The Chicago Cubs enter Thursday on a nine-game losing streak. Entering the final two weeks of June, the Cubs are fourth in the division, only a half-game ahead of the Reds. It was unlikely that the team would compete for a playoff spot in 2022, but the start to the season and the possibility the Cubs might finish with one of the worst records in baseball is disappointing.

Last summer saw a difficult trade deadline where most of the key players from the 2016 World Series team were traded. The next few weeks will likely be similar to last year, with Jed Hoyer and the front office again trading away multiple players.

The Best Potential Trade Partners for Willson Contreras

Willson Contreras has been one of the best catchers in baseball during his time as a Chicago Cub. However, the 30-year-old is in the last year of his contract, and there has been no major news or progress on a contract extension.

As a result, Contreras will almost certainly be traded in the next couple of weeks and finds himself in the same position Kris Bryant, Javier Baez, and Anthony Rizzo were at this time last season. The only question remaining is which team the Cubs will trade Contreras to.

The Mets seem like the perfect fit. The franchise has been looking for improved offense at the position, with Tomas Nido recording an OPS of .536 so far this season and James McCann dealing with an injury. New York’s top prospect, and the No.7 prospect overall, Francisco Alvarez is a catcher, which means Contreras’ expiring contract status probably wouldn’t be an issue.

One obstacle to a trade may be last season’s Javier Baez trade between the Mets and Cubs. Pete Crow-Armstrong, the prospect the Cubs got in return for Baez, has already been promoted from Myrtle Beach to High-A South Bend this season and has become a Top 100 prospect.

Last year’s deal may discourage a similar trade this summer, but the Mets are a team determined to do everything they can to win this season after signing Max Scherzer, Mark Canha, and Starling Marte, along with trading for Chris Bassitt.

Interestingly, one of the other logical trade partners in a potential Contreras deal is another team the Cubs made a trade with last summer, the San Francisco Giants. The retirement of Buster Posey left last season’s NL West Champions looking to Joey Bart, a former top prospect, to be their primary catcher. Unfortunately, things haven’t gone as expected for Bart or the Giants, with the catcher being sent down to the minors earlier this month.

As a result, the Giants will be looking at finding improved production at the position this trade deadline, as it is possibly the area they could improve the most in the second half of the season. San Francisco has a deep and talented minor league system which could result in another trade deadline deal between the Cubs and the Giants.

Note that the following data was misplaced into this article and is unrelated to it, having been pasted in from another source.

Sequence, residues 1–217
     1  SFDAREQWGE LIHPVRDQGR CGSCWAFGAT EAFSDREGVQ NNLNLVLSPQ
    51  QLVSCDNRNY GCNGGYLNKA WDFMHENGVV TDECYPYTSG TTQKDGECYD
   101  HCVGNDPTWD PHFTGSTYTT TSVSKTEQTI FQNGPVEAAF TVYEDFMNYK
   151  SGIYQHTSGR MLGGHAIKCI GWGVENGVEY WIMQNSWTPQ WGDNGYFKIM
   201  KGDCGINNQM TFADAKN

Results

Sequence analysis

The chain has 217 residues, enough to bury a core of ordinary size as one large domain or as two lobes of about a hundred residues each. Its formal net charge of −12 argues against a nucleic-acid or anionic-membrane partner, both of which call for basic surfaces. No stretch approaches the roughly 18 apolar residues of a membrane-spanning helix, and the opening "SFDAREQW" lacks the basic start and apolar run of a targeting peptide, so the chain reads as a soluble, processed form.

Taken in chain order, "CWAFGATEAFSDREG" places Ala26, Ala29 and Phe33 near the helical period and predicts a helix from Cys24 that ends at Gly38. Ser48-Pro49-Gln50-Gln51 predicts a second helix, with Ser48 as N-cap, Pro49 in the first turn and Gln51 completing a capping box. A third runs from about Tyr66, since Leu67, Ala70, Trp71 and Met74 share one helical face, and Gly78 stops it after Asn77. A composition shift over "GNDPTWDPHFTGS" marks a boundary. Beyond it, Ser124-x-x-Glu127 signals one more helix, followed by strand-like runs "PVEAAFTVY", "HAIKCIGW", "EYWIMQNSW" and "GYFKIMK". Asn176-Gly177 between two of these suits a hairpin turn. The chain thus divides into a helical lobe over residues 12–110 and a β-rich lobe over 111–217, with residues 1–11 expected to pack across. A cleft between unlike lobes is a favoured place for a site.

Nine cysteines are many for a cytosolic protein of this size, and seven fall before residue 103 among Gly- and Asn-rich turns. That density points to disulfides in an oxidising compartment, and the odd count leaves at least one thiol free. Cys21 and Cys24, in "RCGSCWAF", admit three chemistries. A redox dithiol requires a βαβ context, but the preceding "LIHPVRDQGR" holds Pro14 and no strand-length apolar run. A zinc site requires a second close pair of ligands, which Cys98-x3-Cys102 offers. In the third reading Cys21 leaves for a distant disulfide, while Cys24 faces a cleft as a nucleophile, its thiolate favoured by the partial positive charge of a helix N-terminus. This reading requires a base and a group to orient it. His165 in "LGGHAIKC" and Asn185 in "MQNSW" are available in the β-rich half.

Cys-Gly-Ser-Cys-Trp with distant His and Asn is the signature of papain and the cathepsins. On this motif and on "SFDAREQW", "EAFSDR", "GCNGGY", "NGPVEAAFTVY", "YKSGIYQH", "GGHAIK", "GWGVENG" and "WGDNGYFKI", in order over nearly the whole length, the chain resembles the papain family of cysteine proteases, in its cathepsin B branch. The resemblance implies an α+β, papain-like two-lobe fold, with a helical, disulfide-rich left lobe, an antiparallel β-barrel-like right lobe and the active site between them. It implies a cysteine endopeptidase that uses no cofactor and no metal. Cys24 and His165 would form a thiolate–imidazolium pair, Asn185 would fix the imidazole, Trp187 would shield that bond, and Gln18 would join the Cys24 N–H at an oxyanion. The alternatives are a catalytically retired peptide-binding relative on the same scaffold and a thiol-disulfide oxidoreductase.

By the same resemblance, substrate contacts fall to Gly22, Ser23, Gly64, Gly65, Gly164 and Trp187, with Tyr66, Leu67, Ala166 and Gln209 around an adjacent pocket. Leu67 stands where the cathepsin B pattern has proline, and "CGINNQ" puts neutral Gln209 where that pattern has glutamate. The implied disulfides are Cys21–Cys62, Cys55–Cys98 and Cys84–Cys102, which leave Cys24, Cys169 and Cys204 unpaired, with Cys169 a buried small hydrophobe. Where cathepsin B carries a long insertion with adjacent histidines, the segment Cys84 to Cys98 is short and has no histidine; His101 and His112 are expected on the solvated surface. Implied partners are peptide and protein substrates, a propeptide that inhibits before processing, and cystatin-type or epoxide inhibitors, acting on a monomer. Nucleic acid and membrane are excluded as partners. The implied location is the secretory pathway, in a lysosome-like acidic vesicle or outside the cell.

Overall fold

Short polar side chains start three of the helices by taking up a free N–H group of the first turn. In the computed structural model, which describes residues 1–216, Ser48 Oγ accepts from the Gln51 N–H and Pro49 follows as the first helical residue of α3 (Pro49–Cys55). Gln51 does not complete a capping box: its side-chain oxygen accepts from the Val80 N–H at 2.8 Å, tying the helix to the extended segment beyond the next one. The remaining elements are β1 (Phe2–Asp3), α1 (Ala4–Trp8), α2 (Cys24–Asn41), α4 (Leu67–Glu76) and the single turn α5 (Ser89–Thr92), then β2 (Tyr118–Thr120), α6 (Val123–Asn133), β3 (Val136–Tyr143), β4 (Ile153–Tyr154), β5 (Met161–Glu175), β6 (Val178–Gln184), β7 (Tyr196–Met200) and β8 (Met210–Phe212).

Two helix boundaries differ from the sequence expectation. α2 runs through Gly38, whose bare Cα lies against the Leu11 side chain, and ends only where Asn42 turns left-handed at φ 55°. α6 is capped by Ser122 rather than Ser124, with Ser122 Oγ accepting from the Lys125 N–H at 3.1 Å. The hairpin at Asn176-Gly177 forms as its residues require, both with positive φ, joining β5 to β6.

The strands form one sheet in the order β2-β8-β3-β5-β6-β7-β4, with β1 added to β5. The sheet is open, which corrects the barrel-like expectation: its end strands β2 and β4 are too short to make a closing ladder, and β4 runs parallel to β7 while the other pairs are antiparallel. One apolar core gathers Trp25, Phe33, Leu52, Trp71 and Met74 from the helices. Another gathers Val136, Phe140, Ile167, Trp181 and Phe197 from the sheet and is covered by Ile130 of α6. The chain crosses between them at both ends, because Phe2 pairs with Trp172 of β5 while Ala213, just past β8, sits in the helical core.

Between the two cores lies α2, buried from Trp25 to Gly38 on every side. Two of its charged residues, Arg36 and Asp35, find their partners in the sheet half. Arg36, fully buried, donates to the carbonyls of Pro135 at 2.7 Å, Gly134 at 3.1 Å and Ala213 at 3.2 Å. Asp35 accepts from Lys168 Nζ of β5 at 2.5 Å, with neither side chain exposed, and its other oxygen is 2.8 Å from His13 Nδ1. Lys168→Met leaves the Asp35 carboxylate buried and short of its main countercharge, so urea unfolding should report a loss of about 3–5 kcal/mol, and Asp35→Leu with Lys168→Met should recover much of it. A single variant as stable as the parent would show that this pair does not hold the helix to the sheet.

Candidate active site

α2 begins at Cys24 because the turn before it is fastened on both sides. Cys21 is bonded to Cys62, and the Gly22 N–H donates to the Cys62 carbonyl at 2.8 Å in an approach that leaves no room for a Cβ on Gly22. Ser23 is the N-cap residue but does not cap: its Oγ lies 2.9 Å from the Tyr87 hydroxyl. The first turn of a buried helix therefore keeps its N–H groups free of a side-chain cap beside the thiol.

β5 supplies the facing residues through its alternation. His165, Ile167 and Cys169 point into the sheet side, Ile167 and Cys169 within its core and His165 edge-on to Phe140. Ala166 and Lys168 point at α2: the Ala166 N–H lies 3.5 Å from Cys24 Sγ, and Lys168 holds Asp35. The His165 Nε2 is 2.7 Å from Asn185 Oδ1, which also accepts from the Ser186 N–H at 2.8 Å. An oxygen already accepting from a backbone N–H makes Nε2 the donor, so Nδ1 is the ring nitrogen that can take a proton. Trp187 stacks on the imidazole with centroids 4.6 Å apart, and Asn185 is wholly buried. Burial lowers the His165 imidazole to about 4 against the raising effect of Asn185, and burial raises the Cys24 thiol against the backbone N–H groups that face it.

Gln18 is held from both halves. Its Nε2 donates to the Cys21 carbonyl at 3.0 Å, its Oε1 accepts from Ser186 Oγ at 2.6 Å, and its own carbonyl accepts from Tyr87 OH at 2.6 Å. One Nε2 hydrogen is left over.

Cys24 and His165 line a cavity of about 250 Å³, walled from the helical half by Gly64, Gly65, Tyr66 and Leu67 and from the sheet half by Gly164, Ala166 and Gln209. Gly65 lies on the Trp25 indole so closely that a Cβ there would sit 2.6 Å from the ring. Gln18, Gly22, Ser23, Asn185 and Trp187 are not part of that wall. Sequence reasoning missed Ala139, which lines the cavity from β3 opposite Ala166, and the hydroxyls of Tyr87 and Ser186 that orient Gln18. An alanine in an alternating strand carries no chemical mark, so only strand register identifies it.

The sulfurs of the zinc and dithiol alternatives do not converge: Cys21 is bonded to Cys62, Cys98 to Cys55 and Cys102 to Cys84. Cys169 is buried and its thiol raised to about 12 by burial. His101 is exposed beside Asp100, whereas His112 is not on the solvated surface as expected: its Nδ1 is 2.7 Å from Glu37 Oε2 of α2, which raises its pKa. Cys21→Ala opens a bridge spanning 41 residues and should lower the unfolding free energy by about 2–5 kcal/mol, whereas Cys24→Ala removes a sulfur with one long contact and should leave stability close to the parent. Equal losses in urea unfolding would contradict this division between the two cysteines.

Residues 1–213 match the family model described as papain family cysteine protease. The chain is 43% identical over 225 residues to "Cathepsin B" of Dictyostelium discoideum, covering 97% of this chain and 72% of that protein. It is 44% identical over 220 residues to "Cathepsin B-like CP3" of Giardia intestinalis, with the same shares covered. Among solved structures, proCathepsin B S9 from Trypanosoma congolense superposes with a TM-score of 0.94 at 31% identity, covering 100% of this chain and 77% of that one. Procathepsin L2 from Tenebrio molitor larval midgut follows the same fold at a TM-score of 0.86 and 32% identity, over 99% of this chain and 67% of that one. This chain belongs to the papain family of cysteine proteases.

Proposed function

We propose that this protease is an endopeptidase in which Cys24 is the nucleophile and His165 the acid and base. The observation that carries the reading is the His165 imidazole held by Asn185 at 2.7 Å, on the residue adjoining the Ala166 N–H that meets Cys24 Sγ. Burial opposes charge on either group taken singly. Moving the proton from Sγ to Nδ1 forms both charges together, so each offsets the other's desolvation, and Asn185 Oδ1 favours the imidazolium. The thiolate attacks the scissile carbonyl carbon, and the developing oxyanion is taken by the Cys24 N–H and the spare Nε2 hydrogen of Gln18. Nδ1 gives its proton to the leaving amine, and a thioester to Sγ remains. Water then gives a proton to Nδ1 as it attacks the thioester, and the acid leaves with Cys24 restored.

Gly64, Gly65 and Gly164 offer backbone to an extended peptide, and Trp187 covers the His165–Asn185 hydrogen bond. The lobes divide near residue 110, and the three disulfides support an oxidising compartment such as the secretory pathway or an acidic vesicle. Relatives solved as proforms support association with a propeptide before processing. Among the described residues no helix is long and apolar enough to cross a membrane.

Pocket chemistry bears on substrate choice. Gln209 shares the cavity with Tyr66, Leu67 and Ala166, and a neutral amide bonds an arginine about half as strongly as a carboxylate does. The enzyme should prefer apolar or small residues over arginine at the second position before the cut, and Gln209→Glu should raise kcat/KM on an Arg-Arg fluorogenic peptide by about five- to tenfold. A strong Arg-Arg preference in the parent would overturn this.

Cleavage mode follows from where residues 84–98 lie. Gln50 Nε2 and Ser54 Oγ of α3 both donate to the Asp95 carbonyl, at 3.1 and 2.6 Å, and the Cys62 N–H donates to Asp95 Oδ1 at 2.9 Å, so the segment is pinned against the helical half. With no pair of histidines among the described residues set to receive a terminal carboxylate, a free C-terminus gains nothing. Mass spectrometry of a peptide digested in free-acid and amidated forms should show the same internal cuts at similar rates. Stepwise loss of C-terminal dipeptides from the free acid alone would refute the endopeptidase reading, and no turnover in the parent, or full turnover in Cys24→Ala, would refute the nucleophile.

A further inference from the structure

In the American League, the Tampa Bay Rays could be a potential fit for Contreras. The Rays are caught in the toughest division in baseball this season and need offensive help after a series of injuries have affected the roster. At catcher, Mike Zunino is currently injured, and Francisco Mejia is at his best in a platoon role.

The Rays have one of the best farm systems in the entire MLB, which would help the two teams work out a trade. In addition, Contreras would add a veteran presence with extensive playoff experience behind the plate to help out a young pitching staff.

No matter where Contreras is traded it will represent the end of an era in Chicago. After the trade deadline, almost the entire roster from the 2016 World Series team will have moved on from their time with the Cubs.

Trading Ian Happ

Outside of Contreras, there are some other obvious trade candidates; David Robertson, Wade Miley, Drew Smyly, and several other players on expiring contracts are likely to leave Chicago. One player that could also be traded is Ian Happ.

Happ isn’t a free agent until after 2023, and his performance to start 2022 has been incredible. The left fielder is having the best season of his career and has shown dramatic improvement in drawing walks and avoiding strikeouts. Most notably, Happ appears to have taken a dramatic developmental step forward with his right-handed swing to add to his already excellent production from his left-handed swing.

As a result, trading Happ has entered the discussion in recent weeks. Happ will have just turned 29 when he becomes a free agent in 2023 and could be a perfect candidate for an extension. However, with the Cubs rebuild looking like an increasingly long-term project it is possible that Happ’s prime years of his MLB career won’t overlap with the Cubs’ next opportunity to contend.

This presents a dilemma for the front office. If Jed Hoyer and Carter Hawkins feel that their timeline to rebuild into a contending roster doesn’t overlap with Happ’s best seasons, then they should trade Happ this summer to maximize a potential trade return. The issue is that trading Happ would dramatically decrease the odds of the Cubs contending next season, or the year after if an agreement on an extension could be reached.

As a result, if Happ is traded this summer it will likely show that the Cubs’ leadership thinks it is unlikely that the team will compete for a playoff spot next year. While Hoyer and Tom Ricketts have been adamant that the Cubs are not in a rebuild, an Ian Happ trade would make it hard to believe the franchise isn’t in a long-term rebuilding project.